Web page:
Specific Economic Substance Requirements
Specific economic substance requirements also apply to two particular areas – intellectual property and holding companies.

Companies that are considered a “high risk intellectual property legal entity” are automatically presumed to be non-compliant under the Economic Substance Act. These companies are required to prove these presumptions do not apply. The primary method of doing this is by ensuring that the strategic decisions and principal risks of the intellectual property asset and any underlying revenue-generating trading activities are managed or undertaken from within the BVI.


In the case of holding companies, stricter economic substance requirements are not applicable if the enterprise:

  • Does not perform any other relevant activity other than holding equity stakes in other companies
  • Complies with its basic statutory obligations
  • Has adequate employees and premises in the BVI for holding and managing those equity participations

If these three conditions are met, then the company is considered to have fulfilled the economic substance requirements.


How to Navigate the BVI’s Economic Substance Requirements
Given that the BVI is primarily an offshore destination, the requirements relating to conducting core income-generating activity and maintaining staffed premises in the BVI would seem time consuming.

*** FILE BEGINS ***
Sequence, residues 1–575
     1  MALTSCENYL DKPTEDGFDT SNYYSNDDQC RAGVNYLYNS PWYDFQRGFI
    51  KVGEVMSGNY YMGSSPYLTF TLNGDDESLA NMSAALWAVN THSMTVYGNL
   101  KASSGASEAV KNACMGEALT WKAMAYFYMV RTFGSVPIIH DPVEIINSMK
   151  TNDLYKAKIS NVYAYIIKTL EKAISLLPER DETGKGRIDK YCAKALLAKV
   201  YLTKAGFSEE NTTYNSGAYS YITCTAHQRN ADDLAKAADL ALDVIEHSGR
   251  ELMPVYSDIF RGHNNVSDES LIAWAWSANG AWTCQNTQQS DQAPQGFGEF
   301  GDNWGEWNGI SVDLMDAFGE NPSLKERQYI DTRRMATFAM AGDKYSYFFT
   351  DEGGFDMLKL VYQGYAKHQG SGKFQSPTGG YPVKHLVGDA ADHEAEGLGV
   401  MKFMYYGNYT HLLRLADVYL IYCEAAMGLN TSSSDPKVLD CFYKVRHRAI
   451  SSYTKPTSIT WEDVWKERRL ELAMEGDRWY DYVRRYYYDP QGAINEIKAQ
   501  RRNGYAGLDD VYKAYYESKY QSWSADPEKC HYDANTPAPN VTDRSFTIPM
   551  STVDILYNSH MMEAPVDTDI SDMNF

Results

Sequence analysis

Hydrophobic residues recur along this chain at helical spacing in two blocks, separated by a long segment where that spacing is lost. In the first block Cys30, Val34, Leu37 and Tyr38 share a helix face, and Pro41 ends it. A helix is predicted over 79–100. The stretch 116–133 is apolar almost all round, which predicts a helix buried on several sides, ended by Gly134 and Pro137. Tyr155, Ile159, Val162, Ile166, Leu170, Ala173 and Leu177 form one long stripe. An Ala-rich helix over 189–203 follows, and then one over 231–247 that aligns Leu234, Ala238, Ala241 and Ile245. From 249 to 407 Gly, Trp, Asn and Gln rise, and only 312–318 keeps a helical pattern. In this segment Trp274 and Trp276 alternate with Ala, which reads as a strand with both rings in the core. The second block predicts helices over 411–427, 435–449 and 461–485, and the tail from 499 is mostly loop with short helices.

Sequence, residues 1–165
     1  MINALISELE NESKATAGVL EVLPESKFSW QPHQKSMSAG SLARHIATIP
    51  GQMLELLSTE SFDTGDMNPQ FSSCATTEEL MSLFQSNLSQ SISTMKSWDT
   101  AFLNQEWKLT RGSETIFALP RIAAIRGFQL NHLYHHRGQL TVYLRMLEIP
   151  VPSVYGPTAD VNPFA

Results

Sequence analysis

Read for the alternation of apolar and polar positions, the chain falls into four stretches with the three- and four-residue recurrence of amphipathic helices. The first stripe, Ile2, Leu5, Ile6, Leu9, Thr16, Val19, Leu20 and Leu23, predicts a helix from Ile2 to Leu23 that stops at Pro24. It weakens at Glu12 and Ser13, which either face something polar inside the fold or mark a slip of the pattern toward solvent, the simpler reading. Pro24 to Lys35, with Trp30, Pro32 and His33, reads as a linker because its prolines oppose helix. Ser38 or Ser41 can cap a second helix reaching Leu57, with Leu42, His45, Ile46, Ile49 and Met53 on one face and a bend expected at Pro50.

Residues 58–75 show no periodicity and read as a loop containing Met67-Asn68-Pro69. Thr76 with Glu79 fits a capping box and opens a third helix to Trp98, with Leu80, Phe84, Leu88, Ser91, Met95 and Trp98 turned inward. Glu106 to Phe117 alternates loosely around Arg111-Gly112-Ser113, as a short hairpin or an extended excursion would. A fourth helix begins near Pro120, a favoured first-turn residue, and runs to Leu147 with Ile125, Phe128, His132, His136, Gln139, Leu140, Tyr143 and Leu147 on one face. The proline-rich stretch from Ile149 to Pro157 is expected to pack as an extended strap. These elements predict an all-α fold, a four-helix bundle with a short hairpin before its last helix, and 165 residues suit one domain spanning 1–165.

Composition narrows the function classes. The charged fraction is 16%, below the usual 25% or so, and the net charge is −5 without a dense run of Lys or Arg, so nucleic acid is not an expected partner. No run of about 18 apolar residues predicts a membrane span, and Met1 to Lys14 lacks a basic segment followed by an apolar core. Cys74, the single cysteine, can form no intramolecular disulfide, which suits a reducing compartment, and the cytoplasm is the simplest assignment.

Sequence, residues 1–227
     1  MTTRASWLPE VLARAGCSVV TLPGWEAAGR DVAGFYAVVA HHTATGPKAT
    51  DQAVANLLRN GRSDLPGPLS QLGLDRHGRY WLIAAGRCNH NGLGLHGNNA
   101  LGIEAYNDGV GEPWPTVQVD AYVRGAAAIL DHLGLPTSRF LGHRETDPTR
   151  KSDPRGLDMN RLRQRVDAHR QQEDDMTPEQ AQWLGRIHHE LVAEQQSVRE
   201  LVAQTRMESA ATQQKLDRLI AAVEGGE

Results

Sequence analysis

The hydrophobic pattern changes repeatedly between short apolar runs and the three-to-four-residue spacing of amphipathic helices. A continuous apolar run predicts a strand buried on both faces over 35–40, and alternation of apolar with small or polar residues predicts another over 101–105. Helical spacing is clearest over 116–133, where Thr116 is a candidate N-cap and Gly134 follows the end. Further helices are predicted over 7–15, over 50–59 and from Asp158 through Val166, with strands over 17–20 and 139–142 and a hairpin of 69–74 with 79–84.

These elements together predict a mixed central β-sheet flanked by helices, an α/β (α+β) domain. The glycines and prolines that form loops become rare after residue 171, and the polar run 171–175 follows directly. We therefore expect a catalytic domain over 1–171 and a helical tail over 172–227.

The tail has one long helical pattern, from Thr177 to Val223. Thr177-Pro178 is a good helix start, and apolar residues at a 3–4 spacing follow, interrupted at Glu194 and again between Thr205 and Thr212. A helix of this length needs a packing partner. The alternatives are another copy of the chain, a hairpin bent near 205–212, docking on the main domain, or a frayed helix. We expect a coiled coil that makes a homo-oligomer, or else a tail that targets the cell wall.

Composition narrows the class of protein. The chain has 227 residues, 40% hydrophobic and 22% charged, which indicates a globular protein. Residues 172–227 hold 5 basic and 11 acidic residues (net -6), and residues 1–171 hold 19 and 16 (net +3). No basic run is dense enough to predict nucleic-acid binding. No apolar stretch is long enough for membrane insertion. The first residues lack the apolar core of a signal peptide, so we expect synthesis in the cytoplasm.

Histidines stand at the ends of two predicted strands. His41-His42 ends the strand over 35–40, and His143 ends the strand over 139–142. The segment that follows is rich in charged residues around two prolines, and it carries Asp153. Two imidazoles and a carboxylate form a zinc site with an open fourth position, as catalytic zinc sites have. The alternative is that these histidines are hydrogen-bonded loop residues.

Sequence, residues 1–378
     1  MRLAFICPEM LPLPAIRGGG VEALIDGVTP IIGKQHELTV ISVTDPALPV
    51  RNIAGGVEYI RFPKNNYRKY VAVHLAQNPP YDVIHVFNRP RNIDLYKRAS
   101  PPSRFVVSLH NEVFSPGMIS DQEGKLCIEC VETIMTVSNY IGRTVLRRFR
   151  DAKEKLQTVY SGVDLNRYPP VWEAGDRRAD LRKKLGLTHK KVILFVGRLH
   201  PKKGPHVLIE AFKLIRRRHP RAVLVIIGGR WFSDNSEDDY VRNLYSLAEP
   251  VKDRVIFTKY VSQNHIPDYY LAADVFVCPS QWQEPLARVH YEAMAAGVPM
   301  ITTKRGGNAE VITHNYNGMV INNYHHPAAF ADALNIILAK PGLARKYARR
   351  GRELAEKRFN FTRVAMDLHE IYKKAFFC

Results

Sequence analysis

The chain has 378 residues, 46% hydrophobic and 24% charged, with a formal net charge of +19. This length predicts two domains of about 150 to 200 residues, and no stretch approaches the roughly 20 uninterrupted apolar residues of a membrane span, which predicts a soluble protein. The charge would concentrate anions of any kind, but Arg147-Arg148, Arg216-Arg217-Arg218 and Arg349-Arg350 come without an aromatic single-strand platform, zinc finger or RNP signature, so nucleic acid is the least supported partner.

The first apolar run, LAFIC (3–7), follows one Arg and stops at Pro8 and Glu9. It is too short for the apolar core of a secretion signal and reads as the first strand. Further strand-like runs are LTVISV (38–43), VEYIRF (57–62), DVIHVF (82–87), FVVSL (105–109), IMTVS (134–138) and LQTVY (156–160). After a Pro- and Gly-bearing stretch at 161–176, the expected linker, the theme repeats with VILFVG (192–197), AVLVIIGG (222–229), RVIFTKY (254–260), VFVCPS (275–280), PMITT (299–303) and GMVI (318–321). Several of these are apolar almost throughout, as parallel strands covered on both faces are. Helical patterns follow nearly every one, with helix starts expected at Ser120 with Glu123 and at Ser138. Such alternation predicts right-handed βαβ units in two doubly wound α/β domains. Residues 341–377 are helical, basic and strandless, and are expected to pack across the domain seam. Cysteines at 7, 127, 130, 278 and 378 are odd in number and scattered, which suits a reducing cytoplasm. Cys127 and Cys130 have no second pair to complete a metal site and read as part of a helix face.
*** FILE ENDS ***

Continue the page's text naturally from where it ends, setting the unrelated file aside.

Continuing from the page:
Fortunately, there are “workarounds” that can be used to navigate these conditions.


“Workaround” Options
The rules state that companies need to conduct their core income-generating activity (e.g., banks that provide loans) in the BVI. However, these activities can be outsourced as long as they are monitored and controlled by the legal entity. Such a workaround allows companies to fulfil this economic substance requirement without moving their main operational base to the BVI.

The language of the legislation also provides some leeway to the third requirement on situating physical premises and employees in the BVI and incurring adequate expenditure in the territory. The word “adequate” may be subject to interpretation, as businesses come in different sizes. There could be significant flexibility in what would be permitted (or possibly argued) under the legislation.


Compliance and Reports – The Need to Plan
The economic substance requirements in the BVI present an interesting challenge for the island nation. Overly strict rules would cut off the lifeblood of its economy, but at the same time, the BVI authorities need to comply with the OECD BEPS framework and the global trend toward greater tax transparency. Therefore, a measure of flexibility within the legislation allows most companies to continue operating in the BVI mainly as before – though additional compliance requirements are to be expected.

From a company perspective, careful planning is a practical necessity. Businesses should closely examine the legislation to establish the true nature of their position, then take make any structural adjustments that may be required. This will ensure that they continue to operate within the legislative boundaries while adhering to all compliance and reporting demands.

[1] http://www.bvi.gov.vg/pub/Economic_Substance_Act_Unofficial_Consolidation.pdf

[2] http://www.bvi.gov.vg/media-centre/legislation-passed-address-eu-economic-substance-concerns